Health groups have condemned the Supreme Court’s decision regarding affirmative action in college admissions


The Supreme Court’s conservative majority ruled that it was unconstitutional for colleges to consider race in admissions. (Image credit: ©Ryan Tishken –

The Supreme Court handed down a decision Thursday that many colleges, universities and medical schools had feared.

with 6-3 Buyer Reflecting the court’s conservative majority, the justices said it was unconstitutional for colleges to consider race as a factor in admissions. The jury heard two challenging cases. The use of race in admissions at the University of North Carolina and Harvard College.

Colleges and universities, including medical colleges, urged the court to weigh race as a factor when institutions strive to improve diversity.

Association of American Medical Colleges and more than 40 other health associations presented amicus brief To consider the case in the introduction of the race to the court.

Health care organizations condemned the high court’s decision and said it could undermine decades of work to improve disparities in colleges, universities and medical schools. He said improving diversity in medical schools in particular is critical to increasing the diversity needed in the nation’s physician workforce.

The decision could hamper efforts by medical schools to improve their diversity, said Jesse M. Ehrenfeld, president of the American Medical Association.

“This decision will limit medical schools from including race and ethnicity in different admissions policies and will translate into a larger physician workforce,” Ehrenfeld said in a statement. “Diversity is important to health care, and this court decision deals a serious blow to our goal of increasing medical opportunities for people who have historically been marginalized and marginalized.”

“As our country becomes more diverse, historically marginalized communities lag behind on every health indicator,” Ehrenfeld added. “A physician workforce that reflects national diversity is key to eliminating racial inequities.”

“We are incredibly disappointed by the verdict,” George C. Benjamin, executive director of the American Public Health Association, said in a statement.

“Without positive action, we risk turning back the clock on the progress that has led to improved outcomes and a diverse public health and healthcare workforce,” said Benjamin. press release.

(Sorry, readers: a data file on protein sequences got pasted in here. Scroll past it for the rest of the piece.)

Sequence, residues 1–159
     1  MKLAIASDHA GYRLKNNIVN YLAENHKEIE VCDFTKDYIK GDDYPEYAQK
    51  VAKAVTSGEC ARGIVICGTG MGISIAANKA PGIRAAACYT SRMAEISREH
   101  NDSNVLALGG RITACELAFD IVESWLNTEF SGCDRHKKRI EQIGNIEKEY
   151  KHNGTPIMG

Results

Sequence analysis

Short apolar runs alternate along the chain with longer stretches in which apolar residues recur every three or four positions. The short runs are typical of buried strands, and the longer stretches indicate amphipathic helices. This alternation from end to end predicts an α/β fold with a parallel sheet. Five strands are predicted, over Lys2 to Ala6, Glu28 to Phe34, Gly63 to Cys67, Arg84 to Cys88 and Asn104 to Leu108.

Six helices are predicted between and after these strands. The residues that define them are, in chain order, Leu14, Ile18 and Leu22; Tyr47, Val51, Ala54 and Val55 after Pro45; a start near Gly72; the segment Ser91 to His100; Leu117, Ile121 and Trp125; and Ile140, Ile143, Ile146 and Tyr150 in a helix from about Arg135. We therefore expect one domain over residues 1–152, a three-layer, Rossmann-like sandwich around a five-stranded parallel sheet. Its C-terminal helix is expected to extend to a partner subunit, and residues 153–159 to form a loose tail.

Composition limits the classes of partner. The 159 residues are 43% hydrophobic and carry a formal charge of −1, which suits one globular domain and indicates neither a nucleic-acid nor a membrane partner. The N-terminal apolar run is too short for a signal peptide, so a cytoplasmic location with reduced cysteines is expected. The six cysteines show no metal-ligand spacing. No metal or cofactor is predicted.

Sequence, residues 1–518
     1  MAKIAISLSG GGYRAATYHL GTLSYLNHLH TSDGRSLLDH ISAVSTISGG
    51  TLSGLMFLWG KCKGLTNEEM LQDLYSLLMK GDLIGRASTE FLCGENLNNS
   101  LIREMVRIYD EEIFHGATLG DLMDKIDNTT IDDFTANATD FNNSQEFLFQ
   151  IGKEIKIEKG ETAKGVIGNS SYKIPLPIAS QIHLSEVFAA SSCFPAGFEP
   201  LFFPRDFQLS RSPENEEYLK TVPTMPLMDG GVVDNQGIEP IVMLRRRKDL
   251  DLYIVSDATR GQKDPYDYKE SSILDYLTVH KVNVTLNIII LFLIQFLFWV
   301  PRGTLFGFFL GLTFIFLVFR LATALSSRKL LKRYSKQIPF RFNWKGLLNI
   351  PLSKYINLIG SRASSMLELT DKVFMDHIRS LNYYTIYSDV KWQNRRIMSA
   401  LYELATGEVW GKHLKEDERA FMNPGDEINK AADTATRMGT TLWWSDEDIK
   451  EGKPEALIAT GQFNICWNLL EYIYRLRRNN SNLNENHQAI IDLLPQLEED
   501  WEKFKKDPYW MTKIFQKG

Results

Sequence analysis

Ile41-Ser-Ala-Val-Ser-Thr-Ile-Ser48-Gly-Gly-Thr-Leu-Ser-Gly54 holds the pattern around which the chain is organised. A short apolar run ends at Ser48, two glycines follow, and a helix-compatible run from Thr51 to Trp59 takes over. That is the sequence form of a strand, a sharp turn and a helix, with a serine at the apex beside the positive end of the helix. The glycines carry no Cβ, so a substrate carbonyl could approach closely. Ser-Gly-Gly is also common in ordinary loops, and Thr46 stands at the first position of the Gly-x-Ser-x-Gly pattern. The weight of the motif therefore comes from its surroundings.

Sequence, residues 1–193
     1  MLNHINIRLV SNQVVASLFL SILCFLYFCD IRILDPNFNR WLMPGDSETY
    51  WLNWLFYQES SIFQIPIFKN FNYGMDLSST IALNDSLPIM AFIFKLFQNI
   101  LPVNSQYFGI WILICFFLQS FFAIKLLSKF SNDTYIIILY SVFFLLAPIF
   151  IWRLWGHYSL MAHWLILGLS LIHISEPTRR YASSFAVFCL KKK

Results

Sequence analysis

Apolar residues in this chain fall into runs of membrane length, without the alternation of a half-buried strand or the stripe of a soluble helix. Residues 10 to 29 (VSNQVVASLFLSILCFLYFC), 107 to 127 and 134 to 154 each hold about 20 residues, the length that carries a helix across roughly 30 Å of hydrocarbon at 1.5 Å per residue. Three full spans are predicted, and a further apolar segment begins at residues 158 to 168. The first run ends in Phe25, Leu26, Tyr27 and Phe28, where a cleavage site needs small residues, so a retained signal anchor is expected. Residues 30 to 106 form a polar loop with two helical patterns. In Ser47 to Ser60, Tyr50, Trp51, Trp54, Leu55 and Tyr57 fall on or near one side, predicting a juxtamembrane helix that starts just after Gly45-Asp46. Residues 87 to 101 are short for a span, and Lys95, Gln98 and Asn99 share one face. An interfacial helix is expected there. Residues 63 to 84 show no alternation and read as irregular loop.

“Affirmative action policies and programs directly address public health and health care workforce disparities, with many professionals of color working directly in communities that suffer from some of the worst health disparities and outcomes,” he said. “With a diverse public health and health care workforce, we can perpetuate years of systemic racism and poor health outcomes for our communities of color.”

Medical schools are making progress in improving their diversity. In recent years, although many believe, there is much work to be done.

Women make up more than half of medical students, and medical schools are attracting more black, Asian and Hispanic students, according to the AAMC.

At the same time, the The physician workforce does not reflect the diversity of the country as a whole.. Nearly two out of three doctors (63.9%) are white, 6.9% of doctors identify as Hispanic (regardless of race), and 5.7% identify as black or African American, according to AAMC 2022. Physicians’ special information report.

Harvard University, which is one of the cases in which the Supreme Court ruled, has issued a statement that it respects the court’s decision, but it has announced that it will continue to pursue individuals from different directions.

For nearly a decade, Harvard’s leaders have vigorously defended an admissions system that, as two federal courts have ruled, fully respects longstanding precedent. press release. “In the coming weeks and months, we will determine how we can protect the court’s new precedent, our core values, by drawing on the talent and expertise of our Harvard community.”

Yale University President Peter Salovey in A Message He told the campus community he was “deeply troubled” by the decision, but was determined to improve the institution’s diversity.

“The court’s decisions may indicate a new interpretation of the law, but Yale’s core values ​​will not change,” Salovey wrote. “Today, I reaffirm that Yale is fully committed to creating an inclusive, diverse and outstanding learning environment. to accept students of all races and ethnicities; And to ensure that our university is a place of diverse ideas, knowledge and experiences.

The University of Michigan said it was “deeply disappointed by the court’s decision” but said it would continue its efforts to create a more diverse community.

“We continue to believe wholeheartedly that our commitment to academic excellence for the public good is inseparable from our commitment to diversity, equity and inclusion,” the university said. press release.


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